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The fifth season of The Real Housewives of Atlanta premiered in October. And since then, the ladies hot topic has become “The man who doesn’t want me is gay!” Porsha Williams’ exhaustive storyline has constantly implied that her ex-husband, Kordell Stewart, who allegedly notified her of their divorce via Twitter, must have been diving into the man pond because they weren’t sexual.
With the recent announcement by Michael Sam, a major NFL prospect who twitted Sunday night revealing that he is a proud gay man, The Real Housewives of Atlanta twitted and trended for opposite reasons. There is an unexplored theme in reality TV that features black women; the criminalization of black male sexuality, blatant homophobia and the misappropriation of lesbian, gay, bisexual and transgender culture.
Last year, Kenya Moore, the former Miss USA and RHOA star insinuated that Walter Jackson-a man she begged to marry-craved boy love because he didn’t go on bended knee or have sex with her during a trip to the Caribbean.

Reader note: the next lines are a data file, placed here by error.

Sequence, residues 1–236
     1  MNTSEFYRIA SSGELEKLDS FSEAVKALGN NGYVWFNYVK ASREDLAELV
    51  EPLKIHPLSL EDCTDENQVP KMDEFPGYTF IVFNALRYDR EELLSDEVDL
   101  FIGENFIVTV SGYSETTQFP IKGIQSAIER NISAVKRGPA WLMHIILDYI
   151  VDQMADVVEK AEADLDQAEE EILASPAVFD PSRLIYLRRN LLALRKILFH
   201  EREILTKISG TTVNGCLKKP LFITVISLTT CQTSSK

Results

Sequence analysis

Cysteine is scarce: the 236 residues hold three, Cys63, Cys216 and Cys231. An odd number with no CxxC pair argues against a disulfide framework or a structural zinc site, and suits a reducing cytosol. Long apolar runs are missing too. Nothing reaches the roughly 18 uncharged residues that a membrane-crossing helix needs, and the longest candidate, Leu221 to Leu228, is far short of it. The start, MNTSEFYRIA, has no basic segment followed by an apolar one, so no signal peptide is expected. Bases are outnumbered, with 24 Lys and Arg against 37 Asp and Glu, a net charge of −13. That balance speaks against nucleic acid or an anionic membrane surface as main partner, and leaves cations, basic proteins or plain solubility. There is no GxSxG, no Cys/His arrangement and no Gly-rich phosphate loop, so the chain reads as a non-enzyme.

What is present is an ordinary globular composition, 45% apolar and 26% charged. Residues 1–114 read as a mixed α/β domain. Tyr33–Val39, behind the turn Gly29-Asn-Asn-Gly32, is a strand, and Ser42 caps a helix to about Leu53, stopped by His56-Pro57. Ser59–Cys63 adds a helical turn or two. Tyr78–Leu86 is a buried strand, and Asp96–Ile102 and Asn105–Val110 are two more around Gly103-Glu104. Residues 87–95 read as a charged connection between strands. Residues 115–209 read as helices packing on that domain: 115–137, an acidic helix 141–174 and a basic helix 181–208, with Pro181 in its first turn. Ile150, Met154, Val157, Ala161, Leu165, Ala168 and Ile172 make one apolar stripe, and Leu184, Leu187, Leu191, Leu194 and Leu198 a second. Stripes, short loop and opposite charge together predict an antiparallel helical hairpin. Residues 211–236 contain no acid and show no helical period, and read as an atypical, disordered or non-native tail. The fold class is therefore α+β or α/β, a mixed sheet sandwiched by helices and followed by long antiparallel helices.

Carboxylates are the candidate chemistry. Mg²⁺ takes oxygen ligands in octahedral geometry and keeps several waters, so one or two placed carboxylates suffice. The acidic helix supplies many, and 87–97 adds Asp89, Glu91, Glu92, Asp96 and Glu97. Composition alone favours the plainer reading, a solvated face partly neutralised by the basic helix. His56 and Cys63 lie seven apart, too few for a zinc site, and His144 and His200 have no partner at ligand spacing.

The allegedly classy Georgia peaches spit the hot button word “gay” to rationalize why a man doesn’t want them, and thus raise the flames of homophobia. Also in the process they victimize black women for not having a man. For the dynamic duo(Moore and Williams) and so many other women to attack a man’s sexual orientation because they’re not married or are divorcees is despicable, it’s an attack on the black male sexuality, straight and gay.
But their “homophobia” doesn’t stop there. On season 4, one of NeNe Leakes’ TV BFFs, Marlo Hampton, hurled the word “f—got” during a trip to South Africa. None of the ladies corrected her. On season 3, there was a buzz that Phaedra Parks’ husband, Apollo, might be gay because he was incarcerated. When Kenya Moore joined the cast, she stated that Phaedra should get an AIDS test because he’d served time in jail.
Several other episodes depict the RHOA walking and talking and snapping their way through each episode, cheaply imitating the LGBT culture.
Some say the RHOA may claim that they’re for same-sex marriage and LGBT rights, but most of the women in the cast (not all-Kandi Burruss never “drags it up” for the camera) seem to receive a pass for their bigotry.